After her beloved cat, Pumpkin, died, my mother-in-law decided to open her home to another cat in need. This is Finnegan.
He is another ginger boy like Pumpkin but he is also not like Pumpkin. Just like all cats, he has his own personality.
I expected him to be shy around strangers and thought I would have to go look for him under the bed but I didn’t. Instead he came out to greet us. He is a very sociable cat but he is not a lap cat, at least not now. Perhaps when he is more comfortable he will be.
We visited twice since she adopted him. The second time I found him napping on the bed so he certainly feels right at home.
He is also not shy about blocking the doorway.
We brought him one of Floki’s mice to play with. I bought a bag of ten mice and still had a few left so we thought he might want one. He was mildly interested for about five seconds and then not so much.
Finnegan, or Finn for short, got his name because he looks like an Irish redhead. He is about three years old and was once a stray that was brought in after someone alerted the organization that he appeared injured or “beat up.” I don’t know all the details but he is far too friendly to be feral.
Another interesting thing is that he has no white on him anywhere. The tip of his tail is very light but not quite white. I don’t recall seeing a ginger cat with no white. I wonder how common that is? What do you think about Finn or about ginger cats with no white?
Chris is unique. That is why I started this blog about him. Many cats like attention but not many cats demand it as much as Chris does. And no cat that I have ever seen, other that Chris, wants to be hugged.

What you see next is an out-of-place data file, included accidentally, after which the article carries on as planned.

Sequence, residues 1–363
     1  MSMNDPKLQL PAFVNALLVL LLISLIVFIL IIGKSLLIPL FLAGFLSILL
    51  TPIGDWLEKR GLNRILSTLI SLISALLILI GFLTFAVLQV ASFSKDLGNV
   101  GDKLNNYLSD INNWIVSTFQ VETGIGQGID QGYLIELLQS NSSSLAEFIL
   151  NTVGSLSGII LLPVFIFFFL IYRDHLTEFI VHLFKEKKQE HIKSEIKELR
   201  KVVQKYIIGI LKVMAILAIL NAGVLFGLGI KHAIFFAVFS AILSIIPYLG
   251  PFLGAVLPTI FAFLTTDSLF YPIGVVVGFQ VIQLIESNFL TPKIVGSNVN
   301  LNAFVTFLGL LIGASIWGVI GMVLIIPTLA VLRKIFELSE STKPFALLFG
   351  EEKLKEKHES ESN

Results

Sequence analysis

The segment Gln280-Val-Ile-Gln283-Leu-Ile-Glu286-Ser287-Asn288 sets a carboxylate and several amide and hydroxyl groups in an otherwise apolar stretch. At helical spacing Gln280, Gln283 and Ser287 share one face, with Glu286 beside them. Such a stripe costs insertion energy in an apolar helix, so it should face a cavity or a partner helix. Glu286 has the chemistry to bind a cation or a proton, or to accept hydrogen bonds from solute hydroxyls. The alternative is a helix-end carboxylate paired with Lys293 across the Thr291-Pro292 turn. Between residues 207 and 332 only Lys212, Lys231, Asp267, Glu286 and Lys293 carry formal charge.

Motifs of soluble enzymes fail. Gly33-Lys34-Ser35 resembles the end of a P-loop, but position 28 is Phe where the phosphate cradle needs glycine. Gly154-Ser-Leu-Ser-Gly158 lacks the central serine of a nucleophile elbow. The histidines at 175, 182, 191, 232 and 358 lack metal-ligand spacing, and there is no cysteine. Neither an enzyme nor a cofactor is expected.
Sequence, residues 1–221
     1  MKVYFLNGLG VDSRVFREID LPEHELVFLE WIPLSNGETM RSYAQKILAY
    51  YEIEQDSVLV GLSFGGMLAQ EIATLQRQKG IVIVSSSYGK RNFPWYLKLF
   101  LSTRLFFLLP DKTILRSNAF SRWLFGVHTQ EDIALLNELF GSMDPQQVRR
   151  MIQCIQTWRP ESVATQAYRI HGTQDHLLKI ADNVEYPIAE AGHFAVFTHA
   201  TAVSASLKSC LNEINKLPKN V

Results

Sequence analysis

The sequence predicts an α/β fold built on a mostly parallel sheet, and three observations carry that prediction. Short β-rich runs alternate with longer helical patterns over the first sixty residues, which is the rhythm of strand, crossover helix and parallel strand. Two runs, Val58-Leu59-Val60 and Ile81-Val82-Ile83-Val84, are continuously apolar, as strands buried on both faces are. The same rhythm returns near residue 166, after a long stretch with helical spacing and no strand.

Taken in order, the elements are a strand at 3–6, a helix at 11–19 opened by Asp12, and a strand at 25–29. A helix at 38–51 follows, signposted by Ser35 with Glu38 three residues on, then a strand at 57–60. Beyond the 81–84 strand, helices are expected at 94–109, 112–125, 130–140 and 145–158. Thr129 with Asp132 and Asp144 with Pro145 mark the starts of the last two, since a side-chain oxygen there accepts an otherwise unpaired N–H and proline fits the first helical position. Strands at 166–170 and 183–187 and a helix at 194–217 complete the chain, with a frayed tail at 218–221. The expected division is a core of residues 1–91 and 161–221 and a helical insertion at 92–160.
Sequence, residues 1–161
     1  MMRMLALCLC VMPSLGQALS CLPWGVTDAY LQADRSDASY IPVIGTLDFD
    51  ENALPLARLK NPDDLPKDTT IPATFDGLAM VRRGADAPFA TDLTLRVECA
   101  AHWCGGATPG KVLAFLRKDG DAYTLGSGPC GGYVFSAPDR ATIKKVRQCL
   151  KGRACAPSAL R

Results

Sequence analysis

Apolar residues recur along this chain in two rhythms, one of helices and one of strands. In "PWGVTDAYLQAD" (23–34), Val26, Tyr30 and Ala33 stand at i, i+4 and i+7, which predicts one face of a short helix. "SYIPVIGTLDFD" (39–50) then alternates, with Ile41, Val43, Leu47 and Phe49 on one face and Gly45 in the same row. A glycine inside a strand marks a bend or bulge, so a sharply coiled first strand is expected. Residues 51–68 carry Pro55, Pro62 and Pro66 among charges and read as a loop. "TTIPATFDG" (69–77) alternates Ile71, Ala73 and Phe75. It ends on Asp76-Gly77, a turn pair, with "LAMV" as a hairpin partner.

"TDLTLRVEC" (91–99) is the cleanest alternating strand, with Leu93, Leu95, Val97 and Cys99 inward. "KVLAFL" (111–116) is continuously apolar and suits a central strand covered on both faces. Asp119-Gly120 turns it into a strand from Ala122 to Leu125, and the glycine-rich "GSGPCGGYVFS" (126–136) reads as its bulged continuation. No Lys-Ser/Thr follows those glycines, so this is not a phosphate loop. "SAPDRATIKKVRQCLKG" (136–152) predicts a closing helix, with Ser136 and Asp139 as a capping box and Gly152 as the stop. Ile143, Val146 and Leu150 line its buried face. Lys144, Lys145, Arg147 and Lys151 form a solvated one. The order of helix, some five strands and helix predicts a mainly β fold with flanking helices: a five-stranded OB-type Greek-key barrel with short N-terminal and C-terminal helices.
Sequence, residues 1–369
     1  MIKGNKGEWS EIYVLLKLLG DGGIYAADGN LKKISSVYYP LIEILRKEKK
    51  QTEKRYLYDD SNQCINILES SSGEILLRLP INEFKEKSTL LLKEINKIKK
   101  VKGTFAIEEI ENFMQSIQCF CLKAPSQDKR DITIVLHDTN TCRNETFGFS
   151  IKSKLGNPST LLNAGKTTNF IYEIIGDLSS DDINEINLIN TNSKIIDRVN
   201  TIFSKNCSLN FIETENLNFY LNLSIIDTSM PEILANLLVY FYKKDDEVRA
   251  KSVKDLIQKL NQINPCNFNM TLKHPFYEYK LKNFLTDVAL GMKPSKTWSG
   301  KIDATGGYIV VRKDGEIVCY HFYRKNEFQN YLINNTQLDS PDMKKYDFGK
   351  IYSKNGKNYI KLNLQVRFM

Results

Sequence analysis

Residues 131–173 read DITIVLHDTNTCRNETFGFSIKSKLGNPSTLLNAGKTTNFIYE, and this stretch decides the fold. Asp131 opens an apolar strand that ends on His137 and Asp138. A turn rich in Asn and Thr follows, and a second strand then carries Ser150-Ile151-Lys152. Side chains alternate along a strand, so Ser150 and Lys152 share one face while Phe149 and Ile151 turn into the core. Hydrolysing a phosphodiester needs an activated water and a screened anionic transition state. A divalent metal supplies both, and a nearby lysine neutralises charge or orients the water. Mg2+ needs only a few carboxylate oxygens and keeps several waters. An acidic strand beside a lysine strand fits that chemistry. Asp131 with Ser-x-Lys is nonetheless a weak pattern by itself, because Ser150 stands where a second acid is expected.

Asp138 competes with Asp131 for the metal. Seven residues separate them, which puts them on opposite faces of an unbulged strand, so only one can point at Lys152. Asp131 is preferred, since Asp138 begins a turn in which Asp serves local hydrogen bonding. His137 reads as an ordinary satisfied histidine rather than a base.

Maybe I’m wrong. Does your cat ever want to be hugged?
By the way, pay no attention to my disheveled hair and ugly glasses. I actually clean up nicer than that when I go out.
My wife and I visited my mother-in-law about a week and a half ago. We sat down in her Florida room and she picked up her cat, Pumpkin, and put him on my lap.
Pumpkin has always been a friendly cat and would often sit next to me while I petted him but he was never much of a lap cat. I put him on my lap a few times but he would usually get down after less than five minutes, usually sooner. This time he stayed on my lap for a long time.
During that time we talked about how he wasn’t doing very well. My mother-in-law knew his time was coming to an end. She faced a difficult decision. One we have all faced before and can understand well. How long do we wait? How bad does it need to be before we are ready to let go? It is a decision everyone hopes they will never have to make.
She mentioned that Pumpkin was acting erratically, like he was disoriented, and thought he might be getting dementia. I thought of my father. During his last two days his mind became increasingly confused, but that was not dementia.
After a while Pumpkin got off my lap and went into the house. On the way in he bumped his head on the door frame. Later we noticed he was lying between the wall and the living room sofa, like he was hiding. Animals do that when they are sick. My dog Tasha did that before she died.
Yesterday I got word that Pumpkin’s time here on Earth was over. It was very sad, only comforted by the thought that ten of his twelve years were spent in a loving home.